As well as introducing two new models into its GX-series in the from of the Canon PowerShot G5 X and Canon PowerShot G9 X, Canon has unveiled its latest member to join the EOS M lineup – the EOS M10. Sitting just below the more advanced EOS M3 that was announced earlier this year, the EOS M10 is designed to be the direct successor for the EOS M – a camera that will long be remembered for being the manufacturer’s first endeavor into the world of mirrorless.
Out to target beginners in search of their first compact system camera, the EOS M10 carries on where the EOS M left off by featuring an 18-million-pixel sensor, which is now teamed up alongside Canon’s latest DIGIC 6 image processor. As well as sharing the same pixel count as its predecessor and many of the manufacturer’s beginner EOS models, it continues to offer an ISO range of 100-12,800 that’s expandable to an ISO equivalent of 25,600.
When we reviewed the original EOS M three years ago we were rather underwhelmed by its slow and unresponsive autofocus system – something Canon has looked to address on the EOS M10 by introducing a 49-point Hybrid CMOS AF II autofocus system. Although not the same as the Hybrid CMOS AF III system as used within the EOS M3, it’s claimed to be 2.4x faster than the original EOS M.
The other main area of advancement is found at the rear where a tilting 3-inch, 1,040,00-dot tilting touchscreen replaces the fixed touchscreen of old. Tilting the screen by 180 degrees automatically initiates a self-portrait mode to undertake high-quality selfies. Elsewhere, the EOS M10 can shoot continuously at up to 4.6fps, Full HD video (1920×1080) is recorded at 30,25 and 24fps, and the ergonomically situated front dial provides instant access to advanced settings such as aperture and shutter speed.
Canon EF-M 15-45mm f/3.5-6.3 IS STM lens
In conjunction with the launch of the EOS M10, Canon has also developed a new kit lens that’s significantly smaller and lighter than the older Canon 18-55mm f3.5-5.6 STM IS. The EF-M 15-45mm f/3.5-6.3 IS STM offers a focal length that’s equivalent to 24-72mm in 35mm terms and its collapsible design helps to keep it as compact as possible when not in use. Weighing just 130g, this travel-friendly lens includes a 3.5-stop optical image stabilser and employs Canon’s tried and tested STM technology to ensure a smooth and near silent focusing performance. It’ll come finished in two colours – silver and graphite, with the former being sold with the white version of the EOS M10 and the latter with the black.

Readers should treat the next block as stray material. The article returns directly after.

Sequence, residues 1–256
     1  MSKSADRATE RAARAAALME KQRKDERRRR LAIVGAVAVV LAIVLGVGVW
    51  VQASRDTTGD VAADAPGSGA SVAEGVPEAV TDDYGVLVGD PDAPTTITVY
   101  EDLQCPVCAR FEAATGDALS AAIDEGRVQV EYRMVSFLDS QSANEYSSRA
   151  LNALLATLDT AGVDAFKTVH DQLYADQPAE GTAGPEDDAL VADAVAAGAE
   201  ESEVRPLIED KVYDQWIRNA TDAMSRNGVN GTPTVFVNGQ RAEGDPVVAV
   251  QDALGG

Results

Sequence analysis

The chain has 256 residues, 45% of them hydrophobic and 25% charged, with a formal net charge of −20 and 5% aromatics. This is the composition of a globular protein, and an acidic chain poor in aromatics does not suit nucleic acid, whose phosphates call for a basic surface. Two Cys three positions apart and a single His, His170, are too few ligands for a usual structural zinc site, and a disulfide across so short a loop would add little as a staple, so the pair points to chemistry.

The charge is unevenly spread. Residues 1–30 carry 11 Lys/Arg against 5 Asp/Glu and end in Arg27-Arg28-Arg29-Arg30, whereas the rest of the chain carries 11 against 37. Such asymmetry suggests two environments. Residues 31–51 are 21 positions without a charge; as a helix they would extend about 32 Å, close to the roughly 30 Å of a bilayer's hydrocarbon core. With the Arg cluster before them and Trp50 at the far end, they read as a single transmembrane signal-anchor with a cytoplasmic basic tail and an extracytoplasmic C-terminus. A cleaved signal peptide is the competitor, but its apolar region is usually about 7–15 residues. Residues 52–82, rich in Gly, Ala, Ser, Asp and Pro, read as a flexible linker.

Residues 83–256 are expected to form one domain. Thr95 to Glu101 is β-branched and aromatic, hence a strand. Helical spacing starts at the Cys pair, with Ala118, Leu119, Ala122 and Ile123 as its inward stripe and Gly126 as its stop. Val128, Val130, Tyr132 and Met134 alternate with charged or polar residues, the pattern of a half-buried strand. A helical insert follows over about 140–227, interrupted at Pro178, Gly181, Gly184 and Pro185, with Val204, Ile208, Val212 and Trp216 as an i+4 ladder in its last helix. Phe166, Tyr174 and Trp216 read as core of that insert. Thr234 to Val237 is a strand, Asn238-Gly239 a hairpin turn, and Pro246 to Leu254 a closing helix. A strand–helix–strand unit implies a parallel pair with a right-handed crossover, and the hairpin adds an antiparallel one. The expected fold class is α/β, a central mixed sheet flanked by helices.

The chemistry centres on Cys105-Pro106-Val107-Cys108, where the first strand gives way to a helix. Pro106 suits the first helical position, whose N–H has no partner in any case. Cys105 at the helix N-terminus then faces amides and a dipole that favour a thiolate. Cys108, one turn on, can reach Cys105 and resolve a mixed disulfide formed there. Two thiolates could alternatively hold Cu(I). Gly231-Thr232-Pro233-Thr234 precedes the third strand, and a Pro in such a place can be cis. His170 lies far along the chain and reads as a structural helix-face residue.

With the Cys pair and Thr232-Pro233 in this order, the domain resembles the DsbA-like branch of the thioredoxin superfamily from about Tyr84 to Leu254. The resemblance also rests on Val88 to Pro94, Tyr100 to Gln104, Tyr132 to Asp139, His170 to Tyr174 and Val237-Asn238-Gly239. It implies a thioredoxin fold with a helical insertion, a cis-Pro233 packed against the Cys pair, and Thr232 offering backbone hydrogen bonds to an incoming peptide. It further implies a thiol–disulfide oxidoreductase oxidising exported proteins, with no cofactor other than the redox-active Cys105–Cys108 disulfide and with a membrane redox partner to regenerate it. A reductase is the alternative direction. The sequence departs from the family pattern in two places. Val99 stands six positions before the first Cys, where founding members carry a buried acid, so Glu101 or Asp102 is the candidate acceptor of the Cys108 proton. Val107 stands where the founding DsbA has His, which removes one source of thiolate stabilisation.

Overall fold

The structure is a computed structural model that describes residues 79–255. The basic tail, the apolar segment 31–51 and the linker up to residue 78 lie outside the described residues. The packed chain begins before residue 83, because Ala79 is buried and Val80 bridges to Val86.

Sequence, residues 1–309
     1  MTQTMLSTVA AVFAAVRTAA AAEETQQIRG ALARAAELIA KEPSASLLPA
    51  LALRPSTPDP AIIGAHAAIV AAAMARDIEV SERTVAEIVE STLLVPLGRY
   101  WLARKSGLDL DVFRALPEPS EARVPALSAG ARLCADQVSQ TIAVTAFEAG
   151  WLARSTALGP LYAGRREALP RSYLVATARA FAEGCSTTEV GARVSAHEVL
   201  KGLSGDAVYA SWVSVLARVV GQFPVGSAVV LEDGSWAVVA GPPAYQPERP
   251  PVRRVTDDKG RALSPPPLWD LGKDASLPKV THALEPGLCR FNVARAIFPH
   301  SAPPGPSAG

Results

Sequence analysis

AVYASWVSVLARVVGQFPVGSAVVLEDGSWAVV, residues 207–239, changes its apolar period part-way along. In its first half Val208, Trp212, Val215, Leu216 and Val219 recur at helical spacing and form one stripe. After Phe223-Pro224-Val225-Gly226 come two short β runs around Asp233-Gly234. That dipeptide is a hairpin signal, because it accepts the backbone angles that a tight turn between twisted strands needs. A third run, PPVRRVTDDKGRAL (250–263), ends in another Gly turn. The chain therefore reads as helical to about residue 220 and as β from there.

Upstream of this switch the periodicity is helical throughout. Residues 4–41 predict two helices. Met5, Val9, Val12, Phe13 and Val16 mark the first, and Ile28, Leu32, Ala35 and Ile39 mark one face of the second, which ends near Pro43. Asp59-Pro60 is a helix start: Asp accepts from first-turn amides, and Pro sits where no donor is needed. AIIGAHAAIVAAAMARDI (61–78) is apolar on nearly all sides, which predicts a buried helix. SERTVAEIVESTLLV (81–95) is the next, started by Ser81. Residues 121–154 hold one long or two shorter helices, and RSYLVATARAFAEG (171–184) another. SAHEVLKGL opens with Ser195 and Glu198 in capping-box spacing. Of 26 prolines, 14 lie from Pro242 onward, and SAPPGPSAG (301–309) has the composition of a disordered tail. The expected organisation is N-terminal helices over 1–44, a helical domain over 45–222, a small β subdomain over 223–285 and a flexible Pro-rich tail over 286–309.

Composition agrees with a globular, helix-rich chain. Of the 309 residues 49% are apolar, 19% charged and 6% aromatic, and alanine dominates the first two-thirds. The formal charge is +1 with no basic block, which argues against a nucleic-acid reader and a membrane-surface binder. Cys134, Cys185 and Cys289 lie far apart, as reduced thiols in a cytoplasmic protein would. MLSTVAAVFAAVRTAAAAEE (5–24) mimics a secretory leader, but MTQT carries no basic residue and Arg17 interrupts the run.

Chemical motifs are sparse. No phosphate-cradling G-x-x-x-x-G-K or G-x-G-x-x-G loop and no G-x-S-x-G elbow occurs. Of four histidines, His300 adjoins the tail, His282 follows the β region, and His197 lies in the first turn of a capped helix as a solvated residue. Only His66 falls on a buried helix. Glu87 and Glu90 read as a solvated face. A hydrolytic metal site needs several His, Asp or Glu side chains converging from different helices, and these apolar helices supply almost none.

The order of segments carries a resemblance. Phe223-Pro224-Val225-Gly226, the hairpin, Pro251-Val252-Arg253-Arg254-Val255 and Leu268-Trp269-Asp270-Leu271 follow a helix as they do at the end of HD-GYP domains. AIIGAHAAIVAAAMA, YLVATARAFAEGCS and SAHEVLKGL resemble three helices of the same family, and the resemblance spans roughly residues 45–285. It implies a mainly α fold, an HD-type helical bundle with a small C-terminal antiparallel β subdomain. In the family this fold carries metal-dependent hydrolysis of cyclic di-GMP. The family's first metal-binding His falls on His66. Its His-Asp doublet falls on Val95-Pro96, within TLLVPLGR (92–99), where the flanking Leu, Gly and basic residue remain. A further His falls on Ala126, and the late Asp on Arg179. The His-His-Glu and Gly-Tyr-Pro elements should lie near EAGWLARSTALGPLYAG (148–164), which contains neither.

Available in November, the EOS M10 will be priced at £399 with the new 15-45mm kit lens. For those tempted to upgrade from the original EOS M or simply want to buy the camera body only, it’ll also be available for £304.
Canon EOS M10 – First Impressions
When you start to compare the EOS M10 alongside the EOS M you’ll notice the design has been simplified slightly. On the top-plate for example, Canon has decided to do away with the hotshoe – a feature that than can be found on the more advanced EOS M3. The top plate also goes without a large mode dial and exposure compensation dial. More advanced photographers looking for more manual controls across the body will want to look at the EOS M3 ahead of the EOS M10.
Turning to the rear, things are simplified here too. The scroll wheel is replaced by a basic d-pad with a playback button beneath and a menu button above. The movie record button that was positioned on the corner of the body on the original EOS M has been relocated to the top-plate and a switch that incorporates the on/off button within replaces the mode dial, offering access to the camera’s automatic, stills and video modes.
The design is more in keeping with what beginners and those purchasing their first compact system camera will want and pairing the camera with the new 15-45mm kit lens revealed it’s smaller to carry around than the EOS M or EOS M3 with the larger Canon 18-55mm f3.5-5.6 STM IS kit lens attached. There’s never been much to fault with regard to the build quality of Canon’s EOS M models. Though the white version feels a bit more plasticky in the hand compared to the black, the fit and finish is of a high standard for a camera that costs less than £400.
During our hands-on session we gave the autofocus a try in a low-light scene. While it managed to lock on noticeably faster than the original EOS M, there were still a few occasions where it struggled to find focus. It’ll be interesting to find out how the autofocus system performs in more favourable conditions outdoors when our review sample arrives in the next few weeks.
Canon were fairly late to join the compact system camera market, but the release of the EOS M3 and now the EOS M10 suggests that the manufacturer is focusing its efforts to create EOS M models to meet different photographer’s abilities and needs. The launch price puts it up against some stiff competition in the market and as things stand it’s slightly cheaper than the Sony Alpha 5100 and Olympus Pen E-PL7. Both the Fujifilm X-A2 and Panasonic Lumix DMC-GF7 are slightly cheaper alternatives to the EOS M10.